Citrus fruit ‘cure’ for painful kidney stones
‘Compound found in plant ‘dissolves crystal deposits’
Painful kidney stones could be dissolved by a natural citrus fruit extract, suggests new research.
The study showed that the compound – hydroxycitrate (HCA) – is able to inhibit the growth of kidney stones – and even dissolve the crystals.
The discovery marks the first advance in kidney stones treatment in more than three decades.
Kidney stones are small, hard mineral deposits that build up inside the kidneys, affecting around 12 per cent of men and seven per cent of women.
They are composed predominantly of calcium oxalate crystals and are more prevalent in those with high blood-pressure, diabetes or obesity – and are on the rise.
But the researchers found HCA was effective in slowing the build-up of calcium oxalate under certain conditions.
HCA is naturally found in the Garcinia Cambogia fruit, used widely in south east Asia.
The study, published online by the journal Nature, revealed ‘very promising’ results in a study of people who took HCA supplements over a three-day period.
Preventative treatment for kidney stones has barely changed in the last 30 years.
Doctors advise patients to drink plenty of water and avoid oxalate-rich food, such as rhubarb and almonds.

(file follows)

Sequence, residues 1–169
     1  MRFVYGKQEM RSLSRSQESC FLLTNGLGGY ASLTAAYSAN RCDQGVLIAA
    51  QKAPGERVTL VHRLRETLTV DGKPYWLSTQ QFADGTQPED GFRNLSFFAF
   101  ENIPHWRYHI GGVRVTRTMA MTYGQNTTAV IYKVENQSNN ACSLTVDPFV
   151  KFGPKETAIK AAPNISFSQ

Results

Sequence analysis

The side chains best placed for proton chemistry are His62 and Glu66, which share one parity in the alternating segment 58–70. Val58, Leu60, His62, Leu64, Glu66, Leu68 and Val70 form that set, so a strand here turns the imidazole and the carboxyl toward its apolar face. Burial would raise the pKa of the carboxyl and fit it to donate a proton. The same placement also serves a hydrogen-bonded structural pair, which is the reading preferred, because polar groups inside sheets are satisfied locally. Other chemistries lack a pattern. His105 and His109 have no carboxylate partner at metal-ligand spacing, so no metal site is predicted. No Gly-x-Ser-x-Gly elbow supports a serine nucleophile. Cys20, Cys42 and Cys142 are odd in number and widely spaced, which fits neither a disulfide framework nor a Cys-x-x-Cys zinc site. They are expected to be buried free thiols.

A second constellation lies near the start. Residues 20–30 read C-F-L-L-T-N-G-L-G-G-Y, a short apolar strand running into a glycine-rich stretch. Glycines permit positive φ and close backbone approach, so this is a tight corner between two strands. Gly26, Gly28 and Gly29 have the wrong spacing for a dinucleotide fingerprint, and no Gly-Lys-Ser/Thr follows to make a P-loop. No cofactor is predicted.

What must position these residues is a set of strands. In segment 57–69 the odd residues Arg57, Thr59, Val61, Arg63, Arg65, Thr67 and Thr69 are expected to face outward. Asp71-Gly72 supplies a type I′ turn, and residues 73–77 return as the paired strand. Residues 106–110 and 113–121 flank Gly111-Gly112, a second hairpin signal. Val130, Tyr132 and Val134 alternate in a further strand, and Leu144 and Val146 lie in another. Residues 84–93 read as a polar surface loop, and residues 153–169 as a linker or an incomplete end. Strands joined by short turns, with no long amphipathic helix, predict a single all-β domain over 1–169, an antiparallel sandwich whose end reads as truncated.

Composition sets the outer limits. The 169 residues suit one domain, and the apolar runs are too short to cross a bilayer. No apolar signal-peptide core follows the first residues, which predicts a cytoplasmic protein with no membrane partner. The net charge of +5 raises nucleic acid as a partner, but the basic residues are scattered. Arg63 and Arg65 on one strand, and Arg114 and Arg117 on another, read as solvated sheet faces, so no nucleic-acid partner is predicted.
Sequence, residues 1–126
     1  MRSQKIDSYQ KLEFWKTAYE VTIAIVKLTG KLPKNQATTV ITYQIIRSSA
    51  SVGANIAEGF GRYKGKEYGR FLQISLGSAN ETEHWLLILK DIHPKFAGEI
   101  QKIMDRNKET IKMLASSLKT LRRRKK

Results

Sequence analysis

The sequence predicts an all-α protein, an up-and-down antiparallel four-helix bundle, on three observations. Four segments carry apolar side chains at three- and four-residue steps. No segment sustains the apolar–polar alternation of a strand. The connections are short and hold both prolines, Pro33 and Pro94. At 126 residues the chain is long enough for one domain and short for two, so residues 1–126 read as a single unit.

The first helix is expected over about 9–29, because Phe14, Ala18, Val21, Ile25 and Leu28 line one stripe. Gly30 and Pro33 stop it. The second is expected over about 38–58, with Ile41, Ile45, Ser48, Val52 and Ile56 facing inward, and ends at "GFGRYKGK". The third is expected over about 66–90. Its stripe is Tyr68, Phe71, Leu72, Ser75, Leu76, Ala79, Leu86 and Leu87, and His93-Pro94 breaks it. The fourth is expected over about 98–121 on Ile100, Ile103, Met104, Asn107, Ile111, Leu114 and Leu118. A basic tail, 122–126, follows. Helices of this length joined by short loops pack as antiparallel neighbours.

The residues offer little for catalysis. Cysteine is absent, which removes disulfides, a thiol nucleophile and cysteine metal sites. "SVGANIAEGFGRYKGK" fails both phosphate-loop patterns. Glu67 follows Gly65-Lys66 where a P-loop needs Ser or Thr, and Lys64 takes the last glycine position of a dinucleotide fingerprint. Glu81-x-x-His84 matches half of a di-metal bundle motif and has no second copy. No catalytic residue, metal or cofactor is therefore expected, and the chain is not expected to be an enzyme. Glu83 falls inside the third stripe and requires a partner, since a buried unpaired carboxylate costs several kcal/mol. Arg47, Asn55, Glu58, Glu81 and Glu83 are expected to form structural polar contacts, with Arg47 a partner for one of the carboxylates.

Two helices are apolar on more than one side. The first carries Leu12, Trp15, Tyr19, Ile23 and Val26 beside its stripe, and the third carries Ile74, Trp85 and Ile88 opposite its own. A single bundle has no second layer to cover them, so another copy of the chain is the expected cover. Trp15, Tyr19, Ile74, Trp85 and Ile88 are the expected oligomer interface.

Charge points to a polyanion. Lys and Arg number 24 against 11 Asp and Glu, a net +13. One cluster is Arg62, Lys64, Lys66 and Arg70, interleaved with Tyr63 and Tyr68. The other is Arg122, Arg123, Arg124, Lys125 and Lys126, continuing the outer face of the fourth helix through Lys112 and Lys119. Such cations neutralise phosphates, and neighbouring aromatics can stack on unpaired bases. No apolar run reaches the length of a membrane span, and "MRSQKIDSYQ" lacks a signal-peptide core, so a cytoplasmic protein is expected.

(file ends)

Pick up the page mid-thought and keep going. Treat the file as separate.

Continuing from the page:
They often prescribe the supplement potassium citrate, which can slow crystal growth – but some people cannot tolerate the side-effects.
Collaborator John Asplin, a nephrologist at Litholink Corporation, a private hospital for people with kidney problems, suggested HCA as a possible treatment.
Citrate and HCA are chemically similar, and both are available as a supplement.
Lead author Dr. Jeffrey Rimer, of the University of Houston, said: “HCA shows promise as a potential therapy to prevent kidney stones – HCA may be preferred as a therapy over potassium citrate.”
The head-to-head studies of CA and HCA determined that while both compounds inhibit the growth of calcium oxalate crystals, HCA was more potent.
But it turned out that it was correct. Once the team confirmed that it was possible to dissolve crystals in supersaturated solutions, they then looked at reasons to explain why.
They discovered that HCA formed a stronger bond with that crystal surfaces, leading to the crystals being broken down.
HCA was also tested in human subjects, as seven people took the supplement for three days, allowing researchers to determine that HCA is excreted through urine, a requirement for the supplement to work as a treatment.
While the researchers established the groundwork to design an effective drug, questions remain – long-term safety, dosage and additional human trials are needed.
“But our initial findings are very promising,” they said.
“If it works in vivo (in real life), similar to our trials in the laboratory, HCA has the potential to reduce the incidence rate of people with chronic kidney stone disease.”